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Former lifeguard wants Lost Lake's steep 'drop-off' roped off after near drownings

Erin Marof rescued a mother and toddler in July, Korean man several summers ago



After saving a mother and toddler who nearly drowned in Lost Lake, resident Erin Marof wants the swimming area roped off to keep visitors away from what she is calling a dangerous sudden drop-off zone in the lake.

What is particularly harrowing for her is that this is the third time since 2009 that she has witnessed drownings or near drownings in Lost Lake, located near Whistler Village.

In the most recent incident, on Sunday, July 29, Marof and a friend came to the aid of the woman, who lost her footing while holding the child. The woman swallowed water as she struggled to keep herself and the youngster from sliding into deeper water.

"That day my friend and I went to Lost Lake for a quick swim because it was so hot. We got to the dock outside the swimming area and slowed down, and were floating and resting, and I saw this mom," Marof recalled.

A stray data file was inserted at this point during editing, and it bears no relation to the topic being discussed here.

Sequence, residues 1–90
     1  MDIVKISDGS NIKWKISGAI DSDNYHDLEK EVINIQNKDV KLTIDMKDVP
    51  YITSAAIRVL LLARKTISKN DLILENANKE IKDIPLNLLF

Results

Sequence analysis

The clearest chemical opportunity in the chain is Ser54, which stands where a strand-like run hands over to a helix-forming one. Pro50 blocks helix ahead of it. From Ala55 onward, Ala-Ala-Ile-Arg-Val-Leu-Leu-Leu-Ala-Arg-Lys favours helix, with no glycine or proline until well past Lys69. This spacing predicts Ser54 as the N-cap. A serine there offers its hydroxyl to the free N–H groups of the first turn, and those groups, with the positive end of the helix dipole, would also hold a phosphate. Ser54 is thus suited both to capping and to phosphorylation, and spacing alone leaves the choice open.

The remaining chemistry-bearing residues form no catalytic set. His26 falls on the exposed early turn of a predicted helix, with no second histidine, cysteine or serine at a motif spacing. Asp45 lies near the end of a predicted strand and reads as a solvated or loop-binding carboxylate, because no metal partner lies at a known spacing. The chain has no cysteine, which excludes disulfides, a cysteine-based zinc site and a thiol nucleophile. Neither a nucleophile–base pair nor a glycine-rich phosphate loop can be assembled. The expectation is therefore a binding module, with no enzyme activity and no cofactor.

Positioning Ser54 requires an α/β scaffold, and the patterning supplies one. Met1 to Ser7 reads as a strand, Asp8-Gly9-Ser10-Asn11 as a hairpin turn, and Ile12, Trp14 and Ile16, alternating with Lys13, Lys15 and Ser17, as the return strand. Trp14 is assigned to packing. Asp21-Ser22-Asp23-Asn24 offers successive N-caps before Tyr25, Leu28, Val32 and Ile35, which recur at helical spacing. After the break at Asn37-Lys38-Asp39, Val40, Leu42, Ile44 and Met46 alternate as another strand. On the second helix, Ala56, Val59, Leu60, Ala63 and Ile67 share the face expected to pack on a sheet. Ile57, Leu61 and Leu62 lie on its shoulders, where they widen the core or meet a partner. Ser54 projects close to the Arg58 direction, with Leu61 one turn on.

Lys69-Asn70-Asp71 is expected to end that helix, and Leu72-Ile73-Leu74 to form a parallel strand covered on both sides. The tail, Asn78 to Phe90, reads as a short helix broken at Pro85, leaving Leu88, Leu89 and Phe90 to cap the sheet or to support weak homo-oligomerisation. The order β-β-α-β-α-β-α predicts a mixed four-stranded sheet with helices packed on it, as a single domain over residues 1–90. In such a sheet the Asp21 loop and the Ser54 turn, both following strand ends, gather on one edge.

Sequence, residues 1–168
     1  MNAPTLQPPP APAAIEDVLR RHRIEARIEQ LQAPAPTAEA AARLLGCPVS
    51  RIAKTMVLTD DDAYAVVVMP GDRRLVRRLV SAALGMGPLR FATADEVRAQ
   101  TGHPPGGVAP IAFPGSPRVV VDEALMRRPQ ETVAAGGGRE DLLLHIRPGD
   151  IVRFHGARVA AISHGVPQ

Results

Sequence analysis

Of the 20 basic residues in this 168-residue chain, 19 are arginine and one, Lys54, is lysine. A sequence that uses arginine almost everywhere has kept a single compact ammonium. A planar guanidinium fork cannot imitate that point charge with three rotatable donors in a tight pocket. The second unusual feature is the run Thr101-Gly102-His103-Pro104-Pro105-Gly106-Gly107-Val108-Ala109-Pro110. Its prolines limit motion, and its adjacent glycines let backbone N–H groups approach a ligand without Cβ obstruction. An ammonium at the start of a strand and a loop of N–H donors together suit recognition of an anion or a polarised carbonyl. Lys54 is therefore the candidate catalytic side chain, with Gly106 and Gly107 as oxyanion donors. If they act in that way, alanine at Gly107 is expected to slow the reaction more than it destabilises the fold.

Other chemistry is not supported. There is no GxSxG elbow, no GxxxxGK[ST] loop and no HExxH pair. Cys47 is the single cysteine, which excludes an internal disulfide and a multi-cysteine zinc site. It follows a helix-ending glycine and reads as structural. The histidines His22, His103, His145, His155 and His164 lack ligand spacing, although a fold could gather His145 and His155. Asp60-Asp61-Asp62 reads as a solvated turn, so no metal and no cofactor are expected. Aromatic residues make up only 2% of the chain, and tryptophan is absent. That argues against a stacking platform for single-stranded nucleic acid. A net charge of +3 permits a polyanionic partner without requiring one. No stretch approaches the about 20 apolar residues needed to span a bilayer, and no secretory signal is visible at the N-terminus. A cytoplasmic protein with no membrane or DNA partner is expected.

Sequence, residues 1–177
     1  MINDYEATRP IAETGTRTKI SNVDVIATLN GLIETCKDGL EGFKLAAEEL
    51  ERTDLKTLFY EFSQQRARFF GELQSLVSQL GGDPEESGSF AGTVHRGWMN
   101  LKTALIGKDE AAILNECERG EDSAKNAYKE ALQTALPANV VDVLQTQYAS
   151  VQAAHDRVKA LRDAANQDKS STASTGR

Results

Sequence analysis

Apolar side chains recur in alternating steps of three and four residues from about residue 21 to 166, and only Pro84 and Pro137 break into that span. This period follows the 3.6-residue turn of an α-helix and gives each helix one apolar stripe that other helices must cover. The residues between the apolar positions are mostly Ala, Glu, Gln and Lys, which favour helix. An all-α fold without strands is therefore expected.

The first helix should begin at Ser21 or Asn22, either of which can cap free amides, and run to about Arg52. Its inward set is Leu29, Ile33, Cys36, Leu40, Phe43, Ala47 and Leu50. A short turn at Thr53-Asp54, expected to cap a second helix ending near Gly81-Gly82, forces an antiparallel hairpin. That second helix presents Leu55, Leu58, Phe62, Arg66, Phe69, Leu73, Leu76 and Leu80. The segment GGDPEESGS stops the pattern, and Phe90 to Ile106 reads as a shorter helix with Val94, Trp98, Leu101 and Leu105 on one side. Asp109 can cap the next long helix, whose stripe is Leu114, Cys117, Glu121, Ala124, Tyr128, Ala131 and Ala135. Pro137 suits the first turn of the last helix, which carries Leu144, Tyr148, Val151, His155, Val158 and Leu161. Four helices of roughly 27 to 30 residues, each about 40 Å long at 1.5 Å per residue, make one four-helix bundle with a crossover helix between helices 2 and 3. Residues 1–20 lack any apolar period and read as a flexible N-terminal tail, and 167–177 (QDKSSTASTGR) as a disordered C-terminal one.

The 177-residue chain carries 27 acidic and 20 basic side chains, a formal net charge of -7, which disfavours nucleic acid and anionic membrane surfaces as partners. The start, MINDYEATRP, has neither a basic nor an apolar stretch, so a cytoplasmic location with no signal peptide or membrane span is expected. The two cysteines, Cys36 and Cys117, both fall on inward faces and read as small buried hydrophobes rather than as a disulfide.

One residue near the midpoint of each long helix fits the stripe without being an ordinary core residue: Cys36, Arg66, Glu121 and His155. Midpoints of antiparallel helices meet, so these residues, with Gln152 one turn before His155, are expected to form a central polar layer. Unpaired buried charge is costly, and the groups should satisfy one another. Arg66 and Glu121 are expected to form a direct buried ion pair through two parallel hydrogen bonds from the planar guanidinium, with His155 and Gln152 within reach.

"She was walking with her baby in her arms and I was floating around, talking with my friend, and all of a sudden you could see that she was losing her footing. She didn't realize how deep it got, and all of a sudden I saw her head go under. The baby was in her arms, too, she was losing her footing and she couldn't let go of the baby to pull herself in with her arms, so she was trying to use her feet to pull herself in."

Marof – a former lifeguard – was shocked by what she saw and was the first to act.

"It was freaky. I saw that this was not right, that she was drowning. She was holding the kid over her head and breathing water in," she said.

"I swam to her and pulled her up by her hair and bathing suit and said 'give me your child now!' and I grabbed the baby, and I was exhausted because I had just swum the lake. I was holding the toddler, treading water, and pulling the woman up by her pony-tail, to keep her head up."

Marof's friend realized what was happening and swam over to help, and together they got the pair to safety.

"Honestly, we only needed to move four feet in to be able to touch the bottom. It just drops so quickly and people don't realize it. We got her to shore, sat her down. She was in complete shock. We should have probably taken her to the clinic, but she said 'I'm fine, I'm fine, I'm fine!'"

Marof did not get the woman's name but discovered she and the toddler were alone and she was not a Whistler resident.

"We put blankets on her. I was in tears. If I had not been there, they would have both drowned, because everyone else around her was oblivious... she sat there shaking. I couldn't breathe," she said.

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